To Miss Emily, ignorance is bliss. So she makes sure that even after the students leave Hailsham they're still wearing blinders. Miss Emily sure does seem like a powerful woman. But her tone here also sounds sad, like she wishes she could've protected the students more.

Finally she said: "She was a nice enough girl, Lucy Wainright. But after she'd been with us for a while, she began to have these ideas. She thought you students had to be made more aware. More aware of what lay ahead of you, who you were, what you were for. She believed you should be given as full a picture as possible. That to do anything less would be somehow to cheat you. We considered her view and concluded she was mistaken." (22.49)

Miss Lucy has the minority opinion at Hailsham. She wants to tell the students the truth (gasp!). In contrast, Miss Emily firmly believes that curiosity kills the cat (or, ahem, clones). So she tells Tommy and Kathy just how wrong she thinks Miss Lucy is. Sure, she may have their best interests at heart, but we're not sure Miss Emily is making the right call here.

"You see, we were able to give you something, something which even now no one will ever take from you, and we were able to do that principally by sheltering you. Hailsham would not have been Hailsham if we hadn't. Very well, sometimes that meant we kept things from you, lied to you. Yes, in many ways we fooled you. I suppose you could even call it that. But we sheltered you during those years, and we gave you your childhoods. […] You wouldn't be who you are today if we'd not protected you" (22.51)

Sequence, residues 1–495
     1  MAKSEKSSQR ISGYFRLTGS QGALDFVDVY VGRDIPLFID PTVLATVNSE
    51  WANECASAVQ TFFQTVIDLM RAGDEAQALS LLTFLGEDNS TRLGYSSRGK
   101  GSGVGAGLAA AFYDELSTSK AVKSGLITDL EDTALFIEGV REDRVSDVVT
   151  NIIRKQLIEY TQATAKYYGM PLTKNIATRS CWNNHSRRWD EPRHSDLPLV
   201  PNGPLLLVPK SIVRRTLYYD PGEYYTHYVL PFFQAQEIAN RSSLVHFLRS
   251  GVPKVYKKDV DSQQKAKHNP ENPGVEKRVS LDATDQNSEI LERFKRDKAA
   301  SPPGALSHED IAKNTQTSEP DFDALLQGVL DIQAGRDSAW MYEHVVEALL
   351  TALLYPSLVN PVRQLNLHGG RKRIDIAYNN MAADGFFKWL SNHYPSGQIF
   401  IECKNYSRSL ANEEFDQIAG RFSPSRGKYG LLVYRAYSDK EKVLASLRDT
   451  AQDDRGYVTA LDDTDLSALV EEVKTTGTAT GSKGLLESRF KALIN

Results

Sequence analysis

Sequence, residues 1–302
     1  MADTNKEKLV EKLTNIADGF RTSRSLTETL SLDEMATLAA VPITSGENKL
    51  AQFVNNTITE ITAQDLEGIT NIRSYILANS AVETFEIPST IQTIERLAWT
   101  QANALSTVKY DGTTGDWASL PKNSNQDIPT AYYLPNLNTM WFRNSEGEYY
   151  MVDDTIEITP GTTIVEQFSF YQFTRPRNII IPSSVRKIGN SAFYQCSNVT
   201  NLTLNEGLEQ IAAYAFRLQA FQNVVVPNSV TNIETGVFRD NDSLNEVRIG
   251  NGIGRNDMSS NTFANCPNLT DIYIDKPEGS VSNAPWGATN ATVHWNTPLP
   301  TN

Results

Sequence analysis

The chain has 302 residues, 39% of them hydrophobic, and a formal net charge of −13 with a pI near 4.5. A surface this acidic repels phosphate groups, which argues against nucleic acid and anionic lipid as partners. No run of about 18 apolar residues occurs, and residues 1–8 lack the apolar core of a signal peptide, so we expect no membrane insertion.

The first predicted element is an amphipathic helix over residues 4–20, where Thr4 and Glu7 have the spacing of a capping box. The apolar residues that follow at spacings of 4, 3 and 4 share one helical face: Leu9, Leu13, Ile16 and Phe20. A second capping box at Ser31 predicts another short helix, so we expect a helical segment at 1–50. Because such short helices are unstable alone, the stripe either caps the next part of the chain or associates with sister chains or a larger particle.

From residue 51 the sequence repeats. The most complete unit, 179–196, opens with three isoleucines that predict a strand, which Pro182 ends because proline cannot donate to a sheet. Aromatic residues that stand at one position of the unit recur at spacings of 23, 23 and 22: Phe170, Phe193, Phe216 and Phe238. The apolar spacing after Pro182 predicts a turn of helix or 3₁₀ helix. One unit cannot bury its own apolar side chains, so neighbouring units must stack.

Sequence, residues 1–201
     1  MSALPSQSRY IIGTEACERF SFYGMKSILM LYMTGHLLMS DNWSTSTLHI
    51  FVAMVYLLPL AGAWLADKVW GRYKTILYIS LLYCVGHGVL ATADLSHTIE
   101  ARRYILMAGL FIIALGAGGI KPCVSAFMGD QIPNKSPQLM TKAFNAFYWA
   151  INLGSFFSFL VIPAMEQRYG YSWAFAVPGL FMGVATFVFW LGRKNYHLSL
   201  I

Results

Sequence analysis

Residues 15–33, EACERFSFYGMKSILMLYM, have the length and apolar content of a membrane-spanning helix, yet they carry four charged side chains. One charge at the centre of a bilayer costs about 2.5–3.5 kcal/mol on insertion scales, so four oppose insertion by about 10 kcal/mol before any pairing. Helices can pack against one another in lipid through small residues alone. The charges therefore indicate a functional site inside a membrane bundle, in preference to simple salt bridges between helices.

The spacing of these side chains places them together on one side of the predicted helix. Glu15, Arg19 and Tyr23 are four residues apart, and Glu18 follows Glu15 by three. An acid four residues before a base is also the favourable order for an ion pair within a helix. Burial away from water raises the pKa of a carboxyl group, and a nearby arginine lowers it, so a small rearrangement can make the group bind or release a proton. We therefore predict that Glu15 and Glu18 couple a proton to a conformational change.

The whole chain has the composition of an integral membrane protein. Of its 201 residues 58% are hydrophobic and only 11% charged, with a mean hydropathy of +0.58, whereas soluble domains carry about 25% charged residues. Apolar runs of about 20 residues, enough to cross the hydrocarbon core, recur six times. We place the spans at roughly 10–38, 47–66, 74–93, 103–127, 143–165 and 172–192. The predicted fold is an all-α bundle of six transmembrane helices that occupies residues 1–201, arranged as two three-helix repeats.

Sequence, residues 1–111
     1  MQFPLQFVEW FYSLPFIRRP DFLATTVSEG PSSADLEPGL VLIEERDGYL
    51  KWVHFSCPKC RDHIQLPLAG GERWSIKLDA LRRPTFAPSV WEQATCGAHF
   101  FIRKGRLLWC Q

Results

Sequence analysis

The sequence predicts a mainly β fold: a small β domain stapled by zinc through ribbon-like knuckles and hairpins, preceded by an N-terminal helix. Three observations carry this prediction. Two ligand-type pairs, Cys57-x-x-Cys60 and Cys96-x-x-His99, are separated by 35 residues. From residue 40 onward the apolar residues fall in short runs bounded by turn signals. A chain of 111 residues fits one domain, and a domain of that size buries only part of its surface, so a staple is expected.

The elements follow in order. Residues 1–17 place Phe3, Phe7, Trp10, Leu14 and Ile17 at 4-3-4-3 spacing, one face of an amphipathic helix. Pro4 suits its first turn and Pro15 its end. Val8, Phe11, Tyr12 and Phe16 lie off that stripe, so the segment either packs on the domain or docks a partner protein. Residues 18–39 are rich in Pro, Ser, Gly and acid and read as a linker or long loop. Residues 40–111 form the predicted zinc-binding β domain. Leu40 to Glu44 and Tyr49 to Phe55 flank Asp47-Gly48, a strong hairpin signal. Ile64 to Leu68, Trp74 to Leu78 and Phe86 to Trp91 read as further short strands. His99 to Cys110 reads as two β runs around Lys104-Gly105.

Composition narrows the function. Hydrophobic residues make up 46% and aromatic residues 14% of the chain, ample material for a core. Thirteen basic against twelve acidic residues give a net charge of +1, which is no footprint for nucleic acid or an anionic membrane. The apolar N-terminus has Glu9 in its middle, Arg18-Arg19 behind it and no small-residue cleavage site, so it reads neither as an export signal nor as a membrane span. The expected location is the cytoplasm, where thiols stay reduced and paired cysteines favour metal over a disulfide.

Here we get the campaign platform for Team Miss Emily: keep the kids in the dark as much as possible. Take a look at the verbs Miss Emily uses here: shelter, lie, fool, protect. Does she seem to think all these verbs mean the same thing? Or does the end justify the means?

Tommy D.

Then as we were going down a particularly dark lane in the back of nowhere, he said suddenly: "I think Miss Lucy was right. Not Miss Emily." (22.88-89)

Here, Tommy hops on the Team Miss Lucy train. It's curious that he has this epiphany in the middle of a dark lane. Is that symbolic somehow?